With hindsight, the demise of Final Fantasy was entirely predictable. Sure, the official cause of death was some mumbled notice about wanting to avoid confusion when Heartland became the first FF release to hit Japan, lest the locals start using copies as chocobo lures. But really, in recent years the name of the string arranger Owen Pallett has become vastly more recognisable than his recording artist alias. Extraordinarily graceful and full bodied the looped solo string arrangements on He Poos Clouds may have been, but Final Fantasy’s second album was still an intimate, oddball work, with everything besides the strings muffled, distant and shrill, strange, dissonant tales of childhood crushes on the dude out of Zelda punctuated by bangs and silence.
That was the best part of four years ago, though. Clearly a disparity would exist between Final Fantasy and Owen Pallett if, following Pallett’s work on Neon Bible and The Age of Understatement, Heartland were to remain in the same playful twee/neo-classical/lo-fi adjunct as He Poos Clouds.
No disparity here. No mystery as to why, either: this man can do extraordinary things with a solo violin, but the fact of the matter is that Heartland represents Owen Pallett, string arranger, utilising the services of the Czech National Orchestra to make whatever music he wants. Combine that with the ravishing sound – Rusty Santos’s mix job quite possibly exceeds the one he performed on Person Pitch - and you could spend all day pigging out on the details of this record: the arcing disintegration of the violins on ‘E Is For Estranged’, the brave brassy undercurrents of ‘Flare Gun’, the wonderful ‘Tryst With Mephistopheles’, vocals smacking into a dense pillows of strings, verdant pinwheels of woodwind and trumpet blooming in the dark. And who needs a guitar when you can break out the type of thickly galloping string riffs that adorn ‘Midnight Directives’ and ‘Lewis Takes His Shirt Off’?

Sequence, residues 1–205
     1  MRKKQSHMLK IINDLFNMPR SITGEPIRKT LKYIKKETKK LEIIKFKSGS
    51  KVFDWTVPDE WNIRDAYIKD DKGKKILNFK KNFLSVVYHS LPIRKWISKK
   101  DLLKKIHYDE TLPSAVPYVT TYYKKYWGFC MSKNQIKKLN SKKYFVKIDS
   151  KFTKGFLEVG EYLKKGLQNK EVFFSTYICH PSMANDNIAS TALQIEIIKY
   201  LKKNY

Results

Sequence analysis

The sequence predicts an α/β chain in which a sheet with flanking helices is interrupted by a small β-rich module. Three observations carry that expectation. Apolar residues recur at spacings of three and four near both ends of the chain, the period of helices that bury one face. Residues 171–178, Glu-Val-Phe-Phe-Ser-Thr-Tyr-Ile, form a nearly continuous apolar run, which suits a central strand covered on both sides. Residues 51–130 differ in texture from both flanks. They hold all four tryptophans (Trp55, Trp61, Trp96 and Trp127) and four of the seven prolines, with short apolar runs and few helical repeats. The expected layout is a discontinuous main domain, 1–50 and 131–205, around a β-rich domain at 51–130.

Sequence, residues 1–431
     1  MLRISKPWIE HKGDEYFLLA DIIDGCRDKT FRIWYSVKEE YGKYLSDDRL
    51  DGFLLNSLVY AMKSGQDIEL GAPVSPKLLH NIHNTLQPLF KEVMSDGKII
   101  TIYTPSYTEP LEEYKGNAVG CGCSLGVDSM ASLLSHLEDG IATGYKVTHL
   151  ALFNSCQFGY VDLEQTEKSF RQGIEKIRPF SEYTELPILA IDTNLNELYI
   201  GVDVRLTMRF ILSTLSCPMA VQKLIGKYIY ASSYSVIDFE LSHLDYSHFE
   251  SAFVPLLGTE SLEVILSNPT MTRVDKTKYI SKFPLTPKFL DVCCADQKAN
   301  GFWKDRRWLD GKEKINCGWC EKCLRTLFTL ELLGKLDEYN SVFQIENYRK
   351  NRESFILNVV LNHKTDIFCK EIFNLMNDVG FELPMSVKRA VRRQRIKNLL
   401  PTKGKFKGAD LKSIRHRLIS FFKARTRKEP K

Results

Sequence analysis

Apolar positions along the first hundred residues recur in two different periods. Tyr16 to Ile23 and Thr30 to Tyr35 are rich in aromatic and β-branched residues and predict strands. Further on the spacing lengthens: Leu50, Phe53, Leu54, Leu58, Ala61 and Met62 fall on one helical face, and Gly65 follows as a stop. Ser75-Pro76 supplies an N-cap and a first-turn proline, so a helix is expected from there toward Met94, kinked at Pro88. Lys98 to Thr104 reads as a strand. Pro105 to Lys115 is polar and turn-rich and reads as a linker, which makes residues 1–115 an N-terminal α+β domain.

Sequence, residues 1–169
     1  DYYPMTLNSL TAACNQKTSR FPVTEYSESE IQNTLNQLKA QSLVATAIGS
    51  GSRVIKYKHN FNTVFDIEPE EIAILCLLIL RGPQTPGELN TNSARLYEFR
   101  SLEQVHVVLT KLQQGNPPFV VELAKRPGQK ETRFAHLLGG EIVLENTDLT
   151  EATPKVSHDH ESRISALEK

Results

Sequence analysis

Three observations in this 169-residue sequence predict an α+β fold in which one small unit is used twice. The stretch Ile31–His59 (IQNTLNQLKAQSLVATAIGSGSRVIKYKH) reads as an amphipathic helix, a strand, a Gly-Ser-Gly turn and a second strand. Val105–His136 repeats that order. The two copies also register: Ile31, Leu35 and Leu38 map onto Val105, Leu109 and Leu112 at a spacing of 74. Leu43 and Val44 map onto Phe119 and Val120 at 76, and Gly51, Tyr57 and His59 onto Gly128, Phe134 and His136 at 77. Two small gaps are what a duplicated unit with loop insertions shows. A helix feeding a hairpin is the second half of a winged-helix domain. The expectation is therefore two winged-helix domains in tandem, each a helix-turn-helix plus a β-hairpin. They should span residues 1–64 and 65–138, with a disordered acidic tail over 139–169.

Pallett has stated that Heartland is intended to work as an orchestral record in its own right, and he’s not wrong: neo-classical music tends to be a singularly dour field, but Heartland is so vibrantly alive with sound that it makes Animal Collective look a wee bit emo.
Elsewhere the two biggest changes are the smoothing of Pallett’s voice and the garnish of electronics that provide an extra bit of oomph here and there. He’s still no astounding singer, but the vocals are markedly improved (possibly thanks to soupcon of reverb), and feel like part of the music, not a counterpoint to it – ‘Keep The Dog Quiet’ even has something like a catchy chorus, in the dreamy repeat refrain “consequential, sequential, sequential” . The electronics make their most forceful appearance on the centrepiece ‘The Great Elsewhere’. Glitches wheeze and ripple with increased urgency as the orchestra is permitted its one moment of total Arcade Fire-grade bombast, spiralling up to the heavens in the slipstream of the massive minor key violin riff that makes itself felt some two and a half minutes in.
Naturally there are things left behind with Final Fantasy. The painful intimacy, the sense of this strange man sucking you into his soul and sharing something almost embarrassingly weird and personal is gone. There’s supposed to be a narrative about a farmer called Lewis on a world called Spectrum, but while little allusions crop up here and there, the words are resoundly cryptic and too enmeshed in the music to function as any sort of coherent libretto or narrative.
Still, I'm betting Heartland singularly fails to disgruntle the old guard. There surely isn’t a fan of the early records who hadn’t vaguely fantasised about giving Pallett an orchestra of his own to do whatever he wants with. Whatever you care to call him, the man’s come up with the goods.
8Andrzej Lukowski's Score